So, the Dominican priest Marie-Dominique Molinié is perhaps right when he refers to Cioran as a back-to-front believer (“un croyant à l’envers”) – a neat and paradigmatic expression that can be applied and used as a guiding thread even to Integlia’s hermeneutic endeavour. One need take only a cursory glance at Tears and Saints, or read a few passages from the Cahiers, to realize just how alive, deeply felt and turbulent is Cioran’s relationship with God, and just how intense and passionate is the inner drama of this barely twenty-year-old young man, who yearns to go beyond his restless unhappy conscience by projecting himself onto God:
“I am like the sea which parts its waters to make room for God. Divine imperialism is man’s reflux. Oppressed by the solitude of matter, God has shed oceans of tears. Hence the sea’s mysterious appeal, and our longing to drown in it, like a short cut to him through his tears. He who has not shed tears on every seashore has not known the troubling vicinity of God, that solitude which forces upon us an even greater one.”
And in Cioran’s Cahiers:
“It is not easy to write about God when one is neither a believer nor an atheist: probably our drama comes from the fact that we can no longer be either the one or the other. […]
In spite of all my sneering, I understand perfectly well that one day I just might dissolve myself in God, and this possibility that I grant myself makes me a little bit more indulgent towards my sarcasm. […]
The only thing about me that is religious is my disgust for the world. Yet even this disgust is impure. Hence my intermittent and inconclusive relations with the Absolute.”
All throughout his life Cioran struggled with God, who thus became his prime “target” during his accursed nights of insomnia. This is why it is so important to pay the greatest attention to Cioran’s expressions, positions and psychological development, while taking constant account not only of the works he published during his lifetime but also of his interviews and correspondence. The aim of such work is to illuminate (however partially and tentatively) the background and motives for the perennial “religious crisis” and spiritual travail that pursued Cioran from his teenage years spent in Sibiu to the end of his life in Paris’s Latin Quarter.
“Greater than the pleasure of invoking God is that of attacking Him. Mystics, like atheists, are close to me. I understand the enraged love of the former and the furious hatred of the latter, yet I feel more at ease in the company of the latter: is it perhaps not more flattering to struggle than to bend the knee? Besides, where’s the satisfaction in choosing God for one’s target, in taking aim at Him! It’s true that it’s a game and that God isn’t toppled by our bullets or our blows. But so what! When we can’t love Him, we must fight Him. We have to take our foul moods out on someone. Even if it’s Him. It is out of humanity that I hate him – in order to spare people, but above all myself. My aversion is not the product of malice: it’s a simple exercise, a form of gymnastics, or a ritual born of cafard. Fundamentally, I need my hate sessions that make Him the centre or the pretext. Everyone trains whichever way they can: for the sake of my own balance, I have to go on living at war with Him. This way, we are in agreement. It goes without saying that when necessary I switch my method: that’s when I commit the absurdity of praying…”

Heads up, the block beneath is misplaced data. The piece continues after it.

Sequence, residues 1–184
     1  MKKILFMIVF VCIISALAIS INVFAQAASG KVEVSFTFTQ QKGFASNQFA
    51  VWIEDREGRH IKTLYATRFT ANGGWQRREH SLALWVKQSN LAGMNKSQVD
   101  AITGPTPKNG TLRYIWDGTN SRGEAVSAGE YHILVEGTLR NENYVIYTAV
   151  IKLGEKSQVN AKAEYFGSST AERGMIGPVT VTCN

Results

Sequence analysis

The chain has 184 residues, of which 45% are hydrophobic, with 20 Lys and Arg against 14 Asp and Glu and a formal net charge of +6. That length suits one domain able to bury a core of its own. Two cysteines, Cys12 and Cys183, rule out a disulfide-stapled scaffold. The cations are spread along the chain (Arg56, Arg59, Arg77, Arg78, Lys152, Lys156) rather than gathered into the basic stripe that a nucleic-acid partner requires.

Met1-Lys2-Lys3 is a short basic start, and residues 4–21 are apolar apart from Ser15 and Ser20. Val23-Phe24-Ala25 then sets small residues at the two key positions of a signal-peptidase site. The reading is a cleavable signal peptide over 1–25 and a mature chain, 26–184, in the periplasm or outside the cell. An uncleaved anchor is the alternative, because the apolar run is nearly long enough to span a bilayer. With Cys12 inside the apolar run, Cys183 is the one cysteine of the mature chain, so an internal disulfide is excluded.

Mirko Integlia’s exegesis, which is as rigorous as it is meticulous, performs the much needed task of situating the specificity and originality of Cioran’s thought against the background of twentieth century philosophy. Cioran’s investigation, into God, unencumbered by any theoretical or speculative framework, flips – as it meditates – between philosophy, theology and “athéologie”, leaving the reader continually wrong-footed and bewildered, yet delivers few certainties and many doubts. This is all part of Cioran’s sceptical and paradoxical method, consisting of provocations and mockery, designed to avoid any final verity, but rather to remain ever open to nothingness and freedom:
“I just can’t reconcile myself either with myself, with others or with things. Or, indeed, with God. With God, not at all. Am I to take refuge, like a witless worshipper, in his stone-cold arms? Neither do I need a pallet fit for exhausted old women. I rest more easily on the thorns of this world and when I get irritated, I too become a thorn in the side of the Creator and his creations.”
INTEGLIA, Mirko, Tormented by God: The Mystical Nihilism of Emil Cioran. Città del Vaticano: Libreria Editrice Vaticana, 2019.